Published: 01st October 2018
Spike in teenagers opting for cosmetic surgeries. Reason? Bullying and social media influence
Plastic surgeons say a surprising number of teens are requesting procedures - particularly on their faces - due to a mix of bullying and influence from celebrities and social media
Whether it's lip fillers, breast augmentations or rhinoplasties, surgeons claim more and more teens are looking to 'enhance' their appearance to ensure they have good ‘selfies’ on Instagram and Facebook accounts.
Some have functional reasons for needing surgery, such as not being able to breathe properly through their nose or having issues with having noticeably enlarged breasts.
But plastic surgeons say a surprising number of teens are requesting procedures - particularly on their faces - due to a mix of bullying and influence from celebrities and social media.
“Yes. there definitely has been a rise amongst teenagers who come seeking surgery for the sake of social media and also to ‘fit’ into the current celebrity trends,”said Dr Anand K, Plastic surgeon, Sparsh Group of Hospitals.
Claiming that midterm vacations and summer vacations are the time when they see a surge in teenagers, especially the high school students coming in for surgeries, another plastic surgeon in the city says, ”About five years ago, I would see about two teenagers per month but now especially during vacations, I see at least 8 to 10 students per month,”
We warn them
While many doctors who are fielding more and more millennial clients, warn most teenagers especially high school students, are not ready to undergo such life-altering procedures, if it is a young adult then the doctors say, are mature enough to take decisions on their own.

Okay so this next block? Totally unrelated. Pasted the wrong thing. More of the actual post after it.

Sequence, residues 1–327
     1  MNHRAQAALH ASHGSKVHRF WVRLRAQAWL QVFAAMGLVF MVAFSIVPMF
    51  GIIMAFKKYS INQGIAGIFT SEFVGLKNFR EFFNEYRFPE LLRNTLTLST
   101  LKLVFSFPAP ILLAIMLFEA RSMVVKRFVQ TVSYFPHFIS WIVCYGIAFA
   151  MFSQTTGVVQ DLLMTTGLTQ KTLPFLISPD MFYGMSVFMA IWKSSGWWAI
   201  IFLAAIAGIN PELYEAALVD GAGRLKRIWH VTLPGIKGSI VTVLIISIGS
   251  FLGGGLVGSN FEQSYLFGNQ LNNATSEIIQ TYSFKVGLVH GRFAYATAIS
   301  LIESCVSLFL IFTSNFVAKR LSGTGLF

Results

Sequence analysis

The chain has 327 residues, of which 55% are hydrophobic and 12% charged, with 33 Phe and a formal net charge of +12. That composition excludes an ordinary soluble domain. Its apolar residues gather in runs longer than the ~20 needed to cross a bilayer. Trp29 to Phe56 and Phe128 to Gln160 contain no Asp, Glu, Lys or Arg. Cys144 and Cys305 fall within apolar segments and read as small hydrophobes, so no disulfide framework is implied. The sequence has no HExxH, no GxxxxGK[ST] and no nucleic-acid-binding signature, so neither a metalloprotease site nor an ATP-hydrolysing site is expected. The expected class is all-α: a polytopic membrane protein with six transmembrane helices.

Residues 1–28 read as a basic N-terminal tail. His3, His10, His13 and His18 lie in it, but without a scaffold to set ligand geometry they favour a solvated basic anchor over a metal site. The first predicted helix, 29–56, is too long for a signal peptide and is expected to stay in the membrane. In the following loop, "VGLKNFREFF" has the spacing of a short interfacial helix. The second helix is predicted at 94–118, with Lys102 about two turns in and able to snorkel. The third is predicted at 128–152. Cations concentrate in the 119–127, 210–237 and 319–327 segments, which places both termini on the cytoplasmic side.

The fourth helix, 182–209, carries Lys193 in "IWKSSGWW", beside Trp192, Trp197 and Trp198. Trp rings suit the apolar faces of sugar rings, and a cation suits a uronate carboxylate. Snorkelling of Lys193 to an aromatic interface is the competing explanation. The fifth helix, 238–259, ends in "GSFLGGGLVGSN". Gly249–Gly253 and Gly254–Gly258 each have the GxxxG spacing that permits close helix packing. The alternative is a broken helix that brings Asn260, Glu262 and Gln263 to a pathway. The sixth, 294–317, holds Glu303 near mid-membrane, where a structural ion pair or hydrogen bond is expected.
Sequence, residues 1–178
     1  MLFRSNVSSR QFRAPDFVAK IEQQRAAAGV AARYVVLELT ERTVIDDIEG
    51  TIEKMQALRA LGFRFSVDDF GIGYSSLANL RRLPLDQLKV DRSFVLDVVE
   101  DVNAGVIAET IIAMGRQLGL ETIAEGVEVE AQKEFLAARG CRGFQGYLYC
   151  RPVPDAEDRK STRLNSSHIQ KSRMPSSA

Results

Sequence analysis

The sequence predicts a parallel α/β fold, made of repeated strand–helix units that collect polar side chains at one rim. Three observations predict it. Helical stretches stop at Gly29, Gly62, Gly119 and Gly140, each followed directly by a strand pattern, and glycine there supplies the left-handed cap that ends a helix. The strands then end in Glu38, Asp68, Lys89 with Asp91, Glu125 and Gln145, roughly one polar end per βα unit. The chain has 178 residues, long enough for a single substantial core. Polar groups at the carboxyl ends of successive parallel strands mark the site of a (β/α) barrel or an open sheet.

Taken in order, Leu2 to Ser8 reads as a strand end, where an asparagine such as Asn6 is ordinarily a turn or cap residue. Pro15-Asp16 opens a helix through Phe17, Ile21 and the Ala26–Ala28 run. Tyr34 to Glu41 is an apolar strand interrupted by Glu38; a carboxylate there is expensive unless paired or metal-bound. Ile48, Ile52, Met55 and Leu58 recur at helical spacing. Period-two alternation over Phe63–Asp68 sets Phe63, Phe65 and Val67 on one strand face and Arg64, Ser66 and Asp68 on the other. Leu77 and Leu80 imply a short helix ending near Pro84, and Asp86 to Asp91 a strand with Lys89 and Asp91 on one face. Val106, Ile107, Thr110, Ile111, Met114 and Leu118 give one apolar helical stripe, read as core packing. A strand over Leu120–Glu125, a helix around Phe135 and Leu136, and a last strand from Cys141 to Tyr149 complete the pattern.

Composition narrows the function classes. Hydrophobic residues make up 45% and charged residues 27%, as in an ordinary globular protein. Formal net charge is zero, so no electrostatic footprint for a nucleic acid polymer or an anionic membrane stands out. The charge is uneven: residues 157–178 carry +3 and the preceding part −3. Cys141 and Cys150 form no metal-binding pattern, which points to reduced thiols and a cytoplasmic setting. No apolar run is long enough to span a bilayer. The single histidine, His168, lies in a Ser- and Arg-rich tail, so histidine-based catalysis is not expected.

However, “it is our duty to warn them and tell them about the pros and cons of the surgeries. We leave it to the choice of the individual if it is a young adult. If there are school students then definitely we leave it to the parents’ decision,” explained Dr Anand.
Meanwhile, Dr Vijay Joseph, Professor Plastic Surgery at St Johns Hospital says, “there are yongsters especially boys who come for treatments like gynecomastia to us. That definitely needs a surgery and even then we do inform the pros and cons to them,”
It is a condition where there is an imbalance in hormones. All males produce some female hormones when there is imbalance it produces gynecomastia, explaiend Dr Vijay.
“This is developed at the age of 13 or 14. This can be painful and tenderness occurs too. It also causes a lot of emotional distraught. The boys may be afraid to take off their shirts due to shame or even fear that they are turning into a female. Then, they would seek surgery,” said Dr Anand.
Most of the females come for enhancement of breasts or for getting their smiles fixed. “There are many who have come to get their smiles fixed. The number is slowly increasing. After seeing their favourite celebrities they also want to be the same, said a renowned plastic surgeon.
'Many of them were going for rhinoplasties and otoplasties (a surgery where the ears are pinned), now they're having more facial surgeries,' he added.
Counsellors warn too
Meanwhile, psychologists confirm that ‘social media’ has played a big role in children as young as 13 seeking reconstructive and plastic surgeries.
Explaining one such case, Dr Pawana N, a psychologist said, “I have seen many cases where children as young as 13 want to get their smile corrected only because they want good selfies on their Instagram accounts.”
Most of the parents reportedly go to the psychologists seeking counseling for their children regarding this. However, they also come across some genuine cases and those are referred to the plastic surgeons, Dr Ashwini Y, Counsellor at Nimhans said: “In one case, the 13 year old had gynecomastia issues and he would be bullied a lot in school. Girls would offer him a bra and pass very cheap comments. This had the boy’s self esteem go extremely low and also he had terrible pain and tenderness in his breasts. So in such cases we do refer them to surgeons,” she said.